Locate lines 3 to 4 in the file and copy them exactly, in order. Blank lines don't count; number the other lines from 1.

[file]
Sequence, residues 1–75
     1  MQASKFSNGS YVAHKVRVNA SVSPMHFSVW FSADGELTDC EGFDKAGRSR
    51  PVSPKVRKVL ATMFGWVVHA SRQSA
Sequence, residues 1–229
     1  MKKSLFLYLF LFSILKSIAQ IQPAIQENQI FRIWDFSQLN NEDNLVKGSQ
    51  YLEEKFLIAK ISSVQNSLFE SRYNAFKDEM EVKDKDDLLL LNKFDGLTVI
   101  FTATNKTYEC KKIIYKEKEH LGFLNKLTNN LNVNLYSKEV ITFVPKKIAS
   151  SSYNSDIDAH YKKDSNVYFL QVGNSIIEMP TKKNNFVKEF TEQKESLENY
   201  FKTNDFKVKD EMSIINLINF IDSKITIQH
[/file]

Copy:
    51  PVSPKVRKVL ATMFGWVVHA SRQSA
Sequence, residues 1–229